Friday, September 19, 2008
Eduardo Recife is a Brazilian " illustrator, graphic designer, and typography aficionado." He does freelance illustration and design, and also produces great fonts, some of which he gives freely for personal use. Most of his imagery comes from vintage magazines and prints; beautiful work. I have linked to both his personal and professional websites. Check them out!
Posted by Bethany at 12:24 PM
Wednesday, September 17, 2008
When receiving this assignment, I had no idea what items I was going to scan. I went in my apartment and found the simplest items I could find, to see if i could put beauty into its simplicity. I tried to brighten the shells and tweak the color a little bit to bring life to the object. The matches on the other hand I had trouble trying to make them different then it was originally. I cloned the only match left and cloned it many times so it doubled and made it look like a full box of matches. I tried to connect Buddha with the matches, by attaching a copied pipe to Buddha's mouth. However, when done scanning I realized that Buddha, the matches, and the shells I didn't really have a complete theme, but I was able to learn techniques that will be useful later on.
As a resident of the Old North End of Burlington, I am faced with the vices of others on a daily basis. From finding used hypodermic needles in my yard to the news of murder and rape on my street, I am in constant awe and terror of the behaviors of my neighbors. I titled my three pieces "This Is Your Vice" after the addictions that these items represent; drugs, sex, gambling, and violence.
The three pieces represent the cycle that the vices might take. The first one represents the vices in a package, the second represents the usage, and the third represents the remains or waste from the vices.
I scanned the items, touched them up, and rearranged them using Photoshop.
I in no way condone or advocate these items or behaviors.
Monday, September 15, 2008
This series was an experiment in contrast both in color and texture. I tried to create motion with the fabric while the items remained stationary, and to achieve this the number of objects placed on the scanner were minimal. Some of the items redirect the implied motion of the piece, like the clip in the image with the red scarf.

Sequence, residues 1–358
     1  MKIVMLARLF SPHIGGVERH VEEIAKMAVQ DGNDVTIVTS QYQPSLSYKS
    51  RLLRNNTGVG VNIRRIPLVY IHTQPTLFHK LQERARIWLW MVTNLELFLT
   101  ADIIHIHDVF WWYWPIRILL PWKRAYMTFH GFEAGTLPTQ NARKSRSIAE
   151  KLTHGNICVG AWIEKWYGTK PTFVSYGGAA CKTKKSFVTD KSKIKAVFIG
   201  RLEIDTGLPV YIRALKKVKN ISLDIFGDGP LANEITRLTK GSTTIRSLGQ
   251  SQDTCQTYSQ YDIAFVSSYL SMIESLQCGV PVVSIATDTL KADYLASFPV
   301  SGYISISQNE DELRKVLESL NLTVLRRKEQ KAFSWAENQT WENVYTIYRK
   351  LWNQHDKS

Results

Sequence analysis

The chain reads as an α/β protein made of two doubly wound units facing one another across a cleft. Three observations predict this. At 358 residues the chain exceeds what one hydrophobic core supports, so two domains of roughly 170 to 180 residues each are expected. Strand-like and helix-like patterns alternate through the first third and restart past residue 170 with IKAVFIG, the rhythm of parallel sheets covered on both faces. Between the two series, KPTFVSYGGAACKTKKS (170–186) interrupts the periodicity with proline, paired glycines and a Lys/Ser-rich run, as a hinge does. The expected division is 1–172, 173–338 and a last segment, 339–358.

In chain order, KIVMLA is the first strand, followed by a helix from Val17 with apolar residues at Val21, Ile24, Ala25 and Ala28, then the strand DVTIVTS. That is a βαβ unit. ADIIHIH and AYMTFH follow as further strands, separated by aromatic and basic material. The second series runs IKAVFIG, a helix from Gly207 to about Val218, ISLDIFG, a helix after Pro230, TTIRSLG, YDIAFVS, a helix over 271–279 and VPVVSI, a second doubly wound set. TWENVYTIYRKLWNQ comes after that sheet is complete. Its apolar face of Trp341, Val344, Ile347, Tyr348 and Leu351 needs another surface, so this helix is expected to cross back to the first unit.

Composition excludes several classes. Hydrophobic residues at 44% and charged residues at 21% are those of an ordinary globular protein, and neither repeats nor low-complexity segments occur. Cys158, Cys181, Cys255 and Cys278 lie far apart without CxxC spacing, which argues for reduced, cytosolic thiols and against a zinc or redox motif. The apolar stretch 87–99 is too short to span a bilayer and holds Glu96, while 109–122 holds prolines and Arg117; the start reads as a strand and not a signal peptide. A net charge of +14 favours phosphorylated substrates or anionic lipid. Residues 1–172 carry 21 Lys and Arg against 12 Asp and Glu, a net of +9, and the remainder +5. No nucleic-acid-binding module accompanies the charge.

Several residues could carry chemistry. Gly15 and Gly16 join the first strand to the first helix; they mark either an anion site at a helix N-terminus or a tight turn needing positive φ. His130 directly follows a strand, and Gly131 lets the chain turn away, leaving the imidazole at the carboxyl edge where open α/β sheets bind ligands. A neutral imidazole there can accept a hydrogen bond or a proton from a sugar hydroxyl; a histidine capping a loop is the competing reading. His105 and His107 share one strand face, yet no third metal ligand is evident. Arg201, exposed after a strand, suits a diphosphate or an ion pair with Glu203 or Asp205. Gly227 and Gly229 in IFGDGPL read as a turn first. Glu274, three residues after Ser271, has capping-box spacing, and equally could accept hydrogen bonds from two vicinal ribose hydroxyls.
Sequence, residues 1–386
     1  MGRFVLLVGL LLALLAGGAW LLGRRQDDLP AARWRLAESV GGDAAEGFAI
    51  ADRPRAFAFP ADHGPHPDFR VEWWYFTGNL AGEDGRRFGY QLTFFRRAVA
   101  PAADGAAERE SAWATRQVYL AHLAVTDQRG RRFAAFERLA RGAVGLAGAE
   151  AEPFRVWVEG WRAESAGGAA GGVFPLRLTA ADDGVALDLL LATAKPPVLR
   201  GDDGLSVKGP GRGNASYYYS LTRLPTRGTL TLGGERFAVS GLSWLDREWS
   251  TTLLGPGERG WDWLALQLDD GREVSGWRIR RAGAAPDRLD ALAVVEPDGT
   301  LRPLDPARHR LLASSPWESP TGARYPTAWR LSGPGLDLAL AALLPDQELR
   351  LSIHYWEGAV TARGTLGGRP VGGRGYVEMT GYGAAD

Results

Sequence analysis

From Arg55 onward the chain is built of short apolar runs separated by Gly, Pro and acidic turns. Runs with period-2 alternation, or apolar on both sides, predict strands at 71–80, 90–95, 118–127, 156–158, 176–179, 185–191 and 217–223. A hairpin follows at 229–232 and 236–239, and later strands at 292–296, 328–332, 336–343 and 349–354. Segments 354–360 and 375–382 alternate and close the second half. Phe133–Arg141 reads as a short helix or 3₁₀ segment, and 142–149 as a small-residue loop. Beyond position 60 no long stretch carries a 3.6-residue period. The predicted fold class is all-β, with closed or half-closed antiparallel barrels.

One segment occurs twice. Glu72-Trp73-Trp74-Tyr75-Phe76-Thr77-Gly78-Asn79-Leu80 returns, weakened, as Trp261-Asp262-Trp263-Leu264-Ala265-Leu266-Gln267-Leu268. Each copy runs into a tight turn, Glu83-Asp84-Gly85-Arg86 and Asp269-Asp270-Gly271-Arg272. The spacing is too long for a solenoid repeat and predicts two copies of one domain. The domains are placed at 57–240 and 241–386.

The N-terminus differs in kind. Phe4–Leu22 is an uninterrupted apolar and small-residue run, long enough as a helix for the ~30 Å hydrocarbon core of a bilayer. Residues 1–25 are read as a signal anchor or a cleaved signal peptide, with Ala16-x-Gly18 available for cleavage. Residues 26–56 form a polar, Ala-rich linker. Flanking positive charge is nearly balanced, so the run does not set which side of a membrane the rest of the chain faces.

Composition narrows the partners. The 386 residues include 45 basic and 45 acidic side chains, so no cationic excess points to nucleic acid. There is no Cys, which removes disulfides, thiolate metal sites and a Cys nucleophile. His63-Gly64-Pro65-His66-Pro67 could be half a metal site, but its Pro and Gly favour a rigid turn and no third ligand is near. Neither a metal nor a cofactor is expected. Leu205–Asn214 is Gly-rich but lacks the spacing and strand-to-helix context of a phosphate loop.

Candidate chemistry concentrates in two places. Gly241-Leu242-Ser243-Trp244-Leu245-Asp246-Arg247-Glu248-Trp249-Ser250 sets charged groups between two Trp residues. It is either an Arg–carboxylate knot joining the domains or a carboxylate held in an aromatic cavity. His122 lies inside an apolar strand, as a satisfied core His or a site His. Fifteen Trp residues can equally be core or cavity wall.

These are my scanography pieces. 'Bottled' is cropped from a larger image. Though simple shapes and color are used to create a fractured whole, I think that in its simplicity it does fine and dandy standing alone. 'Latch' and 'Bean' were completed on the second day of scanning. As I became better acquainted with the concept behind the assignment, I began to select what attracted me most on a walk through grass and road. I had the idea to look for similarities in nature from different places on the land (i.e. underground-roots, surface-clovers, air-leaves) to create a unified image of nature. I really enjoy the two differing color schemes and believe that both have a sense of circulation within themselves. The end.
These three images were my scanography project pieces. They were made using skewers, some in there original form, others snapped in half. I wanted my pieces to be simple, but also relate to each other without losing any simplicity. I think that if they were viewed individually without ever seeing any of the other two, it would be more difficult (minus the smiling one) to identify what exactly the skewers were portraying. As a collection, however, it is very easy to identify what each is showing, since they each relate very closely to one another.
Pencils is an experiment in form. I wanted to do something where the subject matter was not important. These are pencils, but they could be sticks, metal metal rods, pieces of spaghetti, or any other straight-line object. The idea is all in the form and composition of the piece. Just shapes floating in space.